Interview- Jeff Kaplan- Director, Venture Asheville

Interview with: Jeffrey Kaplan, Venture Director. Tech junkie. Media maven. Academic entrepreneur. Dog lover.

Interviewed by: Nancy Critcher-White, Leadership HR Professional and Graduate Student at WCU, studying Entrepreneurship

Website: http://ventureasheville.com/

LinkedIn: https://www.linkedin.com/in/jeffdude/

Nancy (N): Thank you for joining me today, Jeff. While I know many entrepreneurs, when it comes to the topic of , you have a different perspective that I’m interested in learning about. Thank you so much for agreeing to be interviewed.

N: What is your business background?

Jeffrey (J): Education, Academia, and start-ups. I was a teacher; worked for non-profits, went to grad school, did some sales and marketing. Owner and consultant for Anthroware. Product development and consulting for product developers. For Hatch, I did program events and new venture creation. Bullet points are ok, right?

N: Yes, of course. Bullet points are great. What personal strengths have contributed to your success?

J: I build rapport very quickly. We just met, but we’ve already been bonding and chatting, right?! That trust building was especially important with my consulting and sales positions. And even now with the companies that come to Venture Asheville, I build trust so I can help people in those business cohorts. Other things: I read quickly, usually articles and finance books. I know how to leverage resources and help others leverage resources. Public Speaking is fun. And I have an ability to convey a creative vision.

N: What was your very first entrepreneurial endeavor?

J: In 8th grade, I bought a CD burner. At school, people would give me a list of songs they wanted on the CD and I would download the songs from Napster and burn their CD and deliver to them the next day. Blank CDs were cheap, and I had a good business going. Another guy entered the CD burning business and started a price war with me, plus his parents had faster internet.

N: How would you describe your current business and what you would tell someone who doesn’t know what Venture Asheville does?

J: Two things- Build Entrepreneurs and get companies funded. That’s my pitch. As the director, I direct. I meet a lot of people. Help businesses make connections. I’m usually either meeting with businesses or entities (sometimes other businesses) that can support the businesses in our cohort.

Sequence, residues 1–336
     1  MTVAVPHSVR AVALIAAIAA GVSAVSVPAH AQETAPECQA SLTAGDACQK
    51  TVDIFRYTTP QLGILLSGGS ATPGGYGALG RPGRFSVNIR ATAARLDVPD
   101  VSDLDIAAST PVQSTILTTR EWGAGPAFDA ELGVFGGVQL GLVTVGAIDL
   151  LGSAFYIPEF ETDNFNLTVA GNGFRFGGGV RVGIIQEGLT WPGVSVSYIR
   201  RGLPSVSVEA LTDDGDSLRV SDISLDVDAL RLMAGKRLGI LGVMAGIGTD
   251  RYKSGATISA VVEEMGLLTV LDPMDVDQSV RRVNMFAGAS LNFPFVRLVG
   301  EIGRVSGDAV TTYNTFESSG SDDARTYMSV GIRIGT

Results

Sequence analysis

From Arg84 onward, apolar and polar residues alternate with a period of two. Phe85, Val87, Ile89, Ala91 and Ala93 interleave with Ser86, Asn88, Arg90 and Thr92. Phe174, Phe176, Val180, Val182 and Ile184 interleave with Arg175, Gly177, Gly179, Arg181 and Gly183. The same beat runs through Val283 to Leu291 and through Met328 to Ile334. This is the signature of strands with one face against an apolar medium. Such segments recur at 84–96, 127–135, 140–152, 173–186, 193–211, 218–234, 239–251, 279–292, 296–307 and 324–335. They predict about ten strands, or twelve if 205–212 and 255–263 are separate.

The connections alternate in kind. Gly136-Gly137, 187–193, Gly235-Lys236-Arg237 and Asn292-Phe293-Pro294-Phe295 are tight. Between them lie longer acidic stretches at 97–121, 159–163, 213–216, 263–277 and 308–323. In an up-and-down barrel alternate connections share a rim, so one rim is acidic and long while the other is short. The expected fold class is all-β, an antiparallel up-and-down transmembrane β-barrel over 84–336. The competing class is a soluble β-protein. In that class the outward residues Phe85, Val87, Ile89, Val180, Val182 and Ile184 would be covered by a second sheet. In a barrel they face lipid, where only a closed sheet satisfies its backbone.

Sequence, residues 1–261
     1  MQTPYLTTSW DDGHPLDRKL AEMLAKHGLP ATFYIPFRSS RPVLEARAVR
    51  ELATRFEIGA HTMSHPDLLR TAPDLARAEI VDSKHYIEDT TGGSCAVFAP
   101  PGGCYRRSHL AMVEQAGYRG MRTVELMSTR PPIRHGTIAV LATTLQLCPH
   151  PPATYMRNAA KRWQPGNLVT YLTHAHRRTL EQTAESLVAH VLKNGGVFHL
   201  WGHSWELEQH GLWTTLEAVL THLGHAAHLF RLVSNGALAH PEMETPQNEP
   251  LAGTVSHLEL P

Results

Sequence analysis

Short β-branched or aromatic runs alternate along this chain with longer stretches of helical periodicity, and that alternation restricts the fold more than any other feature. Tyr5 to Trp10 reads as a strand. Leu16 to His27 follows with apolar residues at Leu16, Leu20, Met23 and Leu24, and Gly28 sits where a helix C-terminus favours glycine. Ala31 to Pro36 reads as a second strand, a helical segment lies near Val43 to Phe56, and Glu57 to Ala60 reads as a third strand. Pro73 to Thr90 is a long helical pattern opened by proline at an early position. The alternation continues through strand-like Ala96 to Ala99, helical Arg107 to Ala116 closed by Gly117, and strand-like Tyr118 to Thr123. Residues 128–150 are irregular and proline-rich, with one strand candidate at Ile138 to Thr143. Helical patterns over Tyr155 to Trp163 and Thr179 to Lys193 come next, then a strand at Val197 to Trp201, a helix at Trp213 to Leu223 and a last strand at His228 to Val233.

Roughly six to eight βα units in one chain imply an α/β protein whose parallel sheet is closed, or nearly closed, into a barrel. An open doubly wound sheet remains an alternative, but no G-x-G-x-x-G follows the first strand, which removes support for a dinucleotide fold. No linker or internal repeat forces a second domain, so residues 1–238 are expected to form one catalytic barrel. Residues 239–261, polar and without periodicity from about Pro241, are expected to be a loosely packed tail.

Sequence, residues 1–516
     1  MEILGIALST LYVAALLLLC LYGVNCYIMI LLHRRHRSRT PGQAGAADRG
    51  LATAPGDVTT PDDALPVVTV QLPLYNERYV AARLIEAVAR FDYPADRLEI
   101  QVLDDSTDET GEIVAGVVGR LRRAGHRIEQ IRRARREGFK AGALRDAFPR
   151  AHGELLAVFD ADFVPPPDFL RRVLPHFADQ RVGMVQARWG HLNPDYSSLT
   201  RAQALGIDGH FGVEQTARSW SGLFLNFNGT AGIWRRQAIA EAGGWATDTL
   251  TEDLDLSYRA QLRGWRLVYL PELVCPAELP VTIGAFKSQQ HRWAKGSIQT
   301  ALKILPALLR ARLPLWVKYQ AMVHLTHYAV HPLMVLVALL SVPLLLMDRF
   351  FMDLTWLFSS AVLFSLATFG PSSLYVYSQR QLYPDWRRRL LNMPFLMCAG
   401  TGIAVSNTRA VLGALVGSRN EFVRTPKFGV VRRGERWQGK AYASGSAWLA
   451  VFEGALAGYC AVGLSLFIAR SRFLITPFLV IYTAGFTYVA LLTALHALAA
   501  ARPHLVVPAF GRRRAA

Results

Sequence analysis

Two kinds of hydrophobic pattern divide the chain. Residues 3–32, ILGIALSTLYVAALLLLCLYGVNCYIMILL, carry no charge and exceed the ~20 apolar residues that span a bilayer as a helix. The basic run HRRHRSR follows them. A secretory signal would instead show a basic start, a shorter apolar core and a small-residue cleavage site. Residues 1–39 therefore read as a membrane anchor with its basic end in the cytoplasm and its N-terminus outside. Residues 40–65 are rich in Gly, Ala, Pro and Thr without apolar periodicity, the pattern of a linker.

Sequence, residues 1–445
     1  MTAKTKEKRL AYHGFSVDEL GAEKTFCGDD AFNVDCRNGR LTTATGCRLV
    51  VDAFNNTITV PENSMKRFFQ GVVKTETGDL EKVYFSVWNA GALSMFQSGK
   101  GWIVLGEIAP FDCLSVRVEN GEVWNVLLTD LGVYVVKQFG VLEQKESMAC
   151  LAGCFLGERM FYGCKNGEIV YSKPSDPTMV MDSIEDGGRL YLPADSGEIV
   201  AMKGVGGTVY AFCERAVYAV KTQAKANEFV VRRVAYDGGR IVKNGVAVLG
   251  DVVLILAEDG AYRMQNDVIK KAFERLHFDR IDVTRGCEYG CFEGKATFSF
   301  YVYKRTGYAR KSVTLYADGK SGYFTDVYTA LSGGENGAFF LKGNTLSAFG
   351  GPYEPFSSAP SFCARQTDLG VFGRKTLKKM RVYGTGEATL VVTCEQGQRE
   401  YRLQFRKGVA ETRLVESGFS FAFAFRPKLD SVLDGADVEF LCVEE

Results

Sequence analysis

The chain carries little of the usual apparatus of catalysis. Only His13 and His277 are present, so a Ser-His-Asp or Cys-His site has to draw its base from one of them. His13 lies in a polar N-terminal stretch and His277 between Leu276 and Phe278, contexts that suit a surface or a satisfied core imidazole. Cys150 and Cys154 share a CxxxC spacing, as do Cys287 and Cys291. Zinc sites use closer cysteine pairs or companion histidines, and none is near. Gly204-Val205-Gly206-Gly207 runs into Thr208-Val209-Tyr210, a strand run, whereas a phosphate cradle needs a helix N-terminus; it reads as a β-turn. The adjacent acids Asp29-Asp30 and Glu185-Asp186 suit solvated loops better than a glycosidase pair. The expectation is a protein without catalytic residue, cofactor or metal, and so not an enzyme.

N: I know some folks might come to you with half-baked ideas, what do you look for in the businesses that are accepted into your programs?

J: We won’t take half-baked ideas. If people come to us at that stage in the process, we send them to Hatch or some other business development help. That part of the process is fun, and I still help with Hatch, but it’s not what we do at Venture Asheville. We are looking for businesses that need help scaling. We want a committed founder. I realize a lot of people have side hustles, but we are looking for founders to be all-in. As an aside, I would like to start some workshops on helping people turn their side projects into their full-time work. Other things we look for: Is there a product/market fit? Does it speak to an underserved market? I love unconventional business ideas and novel value creation. Sometimes that might look like an idea or software platform used for one purpose that a business owner wants to use for an unrelated and underserved group.

N: What types of attributes or success are your Angel investors looking for in the businesses they back?

J: Initially, they want businesses that are already making money. They are looking for 10-35% equity. They fund $1,000 to $800,000. They want companies that can grow and scale successfully. They want businesses to sell in 3-5 years of their investment and a 10X return or 7.5X return across all deals. No real estate deals.

N: This interview will be posted for other entrepreneurs and intrapreneurs to view and learn from. As a serial entrepreneur or serial investor, I’m sure you have financed ventures in multiple ways. Do you mind sharing some of your tactics for funding a start-up?